Irene Jiménez

An RNCM alumna, Irene Jiménez is now a professional flautist with The Vandalia Trio. Originally from Andalucia, Spain, she moved to Manchester for her postgraduate studies.

She shared with us how migration has affected her life and work…

What does the word ‘Migrant’ mean to you?

My own definition of ‘Migrant’ is about courage – it is necessary to have courage to leave your birth country behind, your traditions, your family and friends and, in many cases, your language.

There are many reasons why people leave their countries – economy, necessity, love – but one of the most powerful reasons is to develop themselves professionally and personally. Being a migrant is an experience that will mark your personality forever.

Where were you born, and what caused you to move away from your birth country?

I am from a city in Andalucia, the south of Spain. When I was 15, I did a scholar exchange with an English family in Dorset. Later on, I got a scholarship for taking part at an English course for a month in the UK and it was one of the best experiences in my life. I knew from a very young age that I would live abroad in the future.

Unfortunately, music studies are not considered equal to ‘University studies’ in Spain. The consequence is that the government does not invest enough money in artistic and performance studies and courses.

There are not enough opportunities to study a good Master of Music in Performance course in the country at the moment, so I stated looking for different options abroad.

How have your personal experiences of migration impacted on you as a musician and artist?

To migrate is a personal lesson. After the adventure and enthusiasm of living abroad, you also need to be prepared for the fear. Fear of feeling ‘apart’, fear of not being accepted at this new place. The first big step is language; it is difficult to make new friends if you cannot understand them. Also, cultural differences can make communication harder.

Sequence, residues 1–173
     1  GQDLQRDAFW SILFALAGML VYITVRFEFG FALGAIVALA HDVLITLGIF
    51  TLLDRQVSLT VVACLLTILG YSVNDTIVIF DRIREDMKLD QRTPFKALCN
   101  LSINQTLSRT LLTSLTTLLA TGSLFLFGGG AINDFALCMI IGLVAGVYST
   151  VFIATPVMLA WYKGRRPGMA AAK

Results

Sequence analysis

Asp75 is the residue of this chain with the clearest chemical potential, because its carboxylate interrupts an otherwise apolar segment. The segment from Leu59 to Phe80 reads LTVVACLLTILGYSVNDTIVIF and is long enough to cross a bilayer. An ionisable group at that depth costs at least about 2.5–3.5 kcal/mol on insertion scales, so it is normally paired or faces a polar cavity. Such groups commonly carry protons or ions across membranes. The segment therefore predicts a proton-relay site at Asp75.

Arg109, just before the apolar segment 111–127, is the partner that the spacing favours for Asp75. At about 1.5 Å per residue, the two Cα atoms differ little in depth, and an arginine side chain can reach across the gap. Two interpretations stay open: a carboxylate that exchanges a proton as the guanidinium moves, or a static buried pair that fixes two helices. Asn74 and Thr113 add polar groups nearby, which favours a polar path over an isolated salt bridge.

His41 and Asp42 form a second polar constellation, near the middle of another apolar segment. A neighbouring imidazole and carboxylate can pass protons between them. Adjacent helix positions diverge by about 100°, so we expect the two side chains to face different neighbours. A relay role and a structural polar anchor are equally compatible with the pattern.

However, when you are strong enough to be aware of your weaknesses, you start to improve on them and to open your mind, playing and listening to what your teachers say.

Chamber music is the best way to connect with people and as a postgraduate student at the RNCM, I have been able to play in many different chamber music groups.

Migration has enabled me to know myself better, what my options are and what I really like to do. I can say I have improved not only as musician, but as person.

Where did the RNCM come into your story?

When I started looking into my postgraduate options abroad, RNCM studies quickly came to my mind. After visiting RNCM at an Open Day and meeting my tutor, Laura Jellicoe, I decided to apply for MMus auditions.

I was very keen and excited about living and studying abroad with a scholarship in such a renowned institution and I fully intended to engage with every opportunity which came my way. I just felt it was exactly the place I should be.

Where is home to you?

‘Home’ is not always a particular place, it is a feeling you have when you know you are exactly where you want to be. Sometimes it is a person, a day, a glass of wine. RNCM was ‘home’ during my period at UK.

Now ‘home’ is Vandalia Trio, a personal project of original chamber music. We were three friends living abroad in different countries and we decided to move to a new city all together to make our dream come true.

This feeling of community and commitment is the reason why we are recording our new album in January 2020. Our Spanish and foreign experiences had influenced this music directly. You can find out more at the link to our Crowdfunding campaign and help us make it happen.